Designed to house his growing collection of Stanley steamers, Clarence Marshall erected the block building behind his family home in 1947, and two years later he commissioned Sanborne Studio in Wilmington to photograph 13 of his restored vehicles. Of special note (to me at least) is the sign he posted over the doors, labeling his new building a “museum.”
The dictionary defines a museum as “a building in which objects of historical, scientific, artistic, or cultural interest are stored and exhibited.” Clearly, Clarence Marshall recognized the importance of the historic autos he had collected and restored, and he proudly shared them with family, friends and even strangers who stumbled upon the site. He enjoyed showing off his prize cars and wrote in 1960:
There are two kinds of people that come here. The first really relishes the experience… They’d like to come back — and usually do — from all over the country. The other group contains the cynics. They’re amused by what they consider archaic and ridiculous. My answer to them is this: All things must have a starting point — and these early pioneers began a sequence of continued refinement.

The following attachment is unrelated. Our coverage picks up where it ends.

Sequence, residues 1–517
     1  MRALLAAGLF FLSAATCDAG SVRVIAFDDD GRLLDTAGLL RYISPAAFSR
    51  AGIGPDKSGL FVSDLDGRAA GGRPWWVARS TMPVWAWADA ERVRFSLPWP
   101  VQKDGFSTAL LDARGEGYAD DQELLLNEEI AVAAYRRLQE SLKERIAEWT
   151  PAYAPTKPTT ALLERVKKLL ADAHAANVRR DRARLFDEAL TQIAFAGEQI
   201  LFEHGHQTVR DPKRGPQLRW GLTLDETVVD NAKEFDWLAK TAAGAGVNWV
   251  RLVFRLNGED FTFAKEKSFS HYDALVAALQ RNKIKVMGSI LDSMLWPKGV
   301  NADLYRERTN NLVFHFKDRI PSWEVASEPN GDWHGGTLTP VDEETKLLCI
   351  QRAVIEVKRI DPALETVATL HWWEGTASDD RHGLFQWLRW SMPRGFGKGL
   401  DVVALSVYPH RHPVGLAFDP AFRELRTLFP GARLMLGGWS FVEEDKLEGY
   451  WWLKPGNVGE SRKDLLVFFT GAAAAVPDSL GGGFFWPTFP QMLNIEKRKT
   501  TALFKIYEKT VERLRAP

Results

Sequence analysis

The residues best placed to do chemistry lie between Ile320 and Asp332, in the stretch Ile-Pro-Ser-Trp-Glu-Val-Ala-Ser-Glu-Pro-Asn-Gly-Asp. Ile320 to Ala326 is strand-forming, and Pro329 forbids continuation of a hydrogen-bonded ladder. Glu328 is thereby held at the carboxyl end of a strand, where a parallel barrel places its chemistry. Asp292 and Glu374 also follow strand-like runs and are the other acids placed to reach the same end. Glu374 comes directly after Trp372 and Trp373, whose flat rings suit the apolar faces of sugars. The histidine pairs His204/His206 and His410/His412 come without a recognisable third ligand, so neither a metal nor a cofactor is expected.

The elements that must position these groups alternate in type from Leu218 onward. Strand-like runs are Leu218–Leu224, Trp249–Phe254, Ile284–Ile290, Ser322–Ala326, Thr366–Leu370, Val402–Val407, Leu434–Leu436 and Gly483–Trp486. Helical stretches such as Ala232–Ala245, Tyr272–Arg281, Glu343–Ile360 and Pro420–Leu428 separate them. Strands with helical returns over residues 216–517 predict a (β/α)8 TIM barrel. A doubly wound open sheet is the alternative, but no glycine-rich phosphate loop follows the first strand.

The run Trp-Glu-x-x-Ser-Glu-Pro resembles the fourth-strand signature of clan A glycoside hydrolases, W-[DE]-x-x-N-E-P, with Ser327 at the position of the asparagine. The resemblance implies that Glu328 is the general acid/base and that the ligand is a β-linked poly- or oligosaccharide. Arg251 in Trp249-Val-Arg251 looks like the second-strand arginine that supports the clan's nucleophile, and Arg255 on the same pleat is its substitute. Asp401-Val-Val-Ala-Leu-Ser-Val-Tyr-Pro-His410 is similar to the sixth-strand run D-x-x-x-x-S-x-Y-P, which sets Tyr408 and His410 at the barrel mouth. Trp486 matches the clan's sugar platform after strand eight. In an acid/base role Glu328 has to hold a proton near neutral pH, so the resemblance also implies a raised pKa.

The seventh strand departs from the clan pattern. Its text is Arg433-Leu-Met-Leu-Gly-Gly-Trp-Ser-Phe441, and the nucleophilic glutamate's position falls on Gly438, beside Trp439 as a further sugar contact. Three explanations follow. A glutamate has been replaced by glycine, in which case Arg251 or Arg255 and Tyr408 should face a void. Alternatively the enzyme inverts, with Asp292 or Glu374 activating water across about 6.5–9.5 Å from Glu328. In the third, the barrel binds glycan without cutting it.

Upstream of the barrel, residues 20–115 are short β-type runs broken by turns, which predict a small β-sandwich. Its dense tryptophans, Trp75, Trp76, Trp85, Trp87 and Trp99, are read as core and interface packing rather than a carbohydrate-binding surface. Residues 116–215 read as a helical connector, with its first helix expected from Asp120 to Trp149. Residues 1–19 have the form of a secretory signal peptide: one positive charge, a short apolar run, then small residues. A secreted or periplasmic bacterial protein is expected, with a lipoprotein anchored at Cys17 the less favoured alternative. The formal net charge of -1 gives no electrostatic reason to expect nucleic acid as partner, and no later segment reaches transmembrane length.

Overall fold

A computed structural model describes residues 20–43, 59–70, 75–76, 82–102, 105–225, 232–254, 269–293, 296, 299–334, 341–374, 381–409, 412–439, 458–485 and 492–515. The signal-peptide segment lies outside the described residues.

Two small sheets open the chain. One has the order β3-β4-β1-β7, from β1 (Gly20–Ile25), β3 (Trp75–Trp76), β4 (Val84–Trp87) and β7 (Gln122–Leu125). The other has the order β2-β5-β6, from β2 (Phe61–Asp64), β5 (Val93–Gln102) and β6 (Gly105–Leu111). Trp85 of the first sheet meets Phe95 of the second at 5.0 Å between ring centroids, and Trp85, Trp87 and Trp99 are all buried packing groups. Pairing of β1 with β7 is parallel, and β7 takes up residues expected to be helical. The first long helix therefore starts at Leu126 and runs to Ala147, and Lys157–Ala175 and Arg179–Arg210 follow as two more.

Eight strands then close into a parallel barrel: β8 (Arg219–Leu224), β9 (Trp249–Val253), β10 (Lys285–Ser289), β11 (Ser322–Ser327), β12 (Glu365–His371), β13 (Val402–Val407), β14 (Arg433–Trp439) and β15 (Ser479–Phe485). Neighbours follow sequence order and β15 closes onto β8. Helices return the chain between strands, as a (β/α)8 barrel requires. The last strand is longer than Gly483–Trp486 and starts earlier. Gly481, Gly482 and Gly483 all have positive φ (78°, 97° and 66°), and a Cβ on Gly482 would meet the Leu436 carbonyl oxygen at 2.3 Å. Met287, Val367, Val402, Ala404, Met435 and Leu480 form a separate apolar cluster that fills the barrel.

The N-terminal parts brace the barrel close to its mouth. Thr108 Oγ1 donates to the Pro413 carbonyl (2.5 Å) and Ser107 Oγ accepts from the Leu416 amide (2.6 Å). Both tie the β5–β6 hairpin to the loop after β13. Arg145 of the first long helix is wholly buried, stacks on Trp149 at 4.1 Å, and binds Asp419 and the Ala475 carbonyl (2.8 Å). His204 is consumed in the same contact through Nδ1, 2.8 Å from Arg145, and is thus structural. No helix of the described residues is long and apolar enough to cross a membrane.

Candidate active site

It’s telling that Clarence’s son, Tom, also maintained a sign above the “museum” doors attesting to the historic nature and value of what he considered his father’s collection (even though he purchased a number of the cars). Tom himself wrote in 2008, “No property or collection should remain static… Certainly the property has evolved to where it is today by constant change.”
Tom championed the renovations currently under way, making the lead gift with his wife, Ruth, and personally soliciting most of the supporting funds for the capital project. Whether named for the father or the son, the Marshall Steam Museum will remain dedicated to inspiring and connecting generations to the magic age of steam!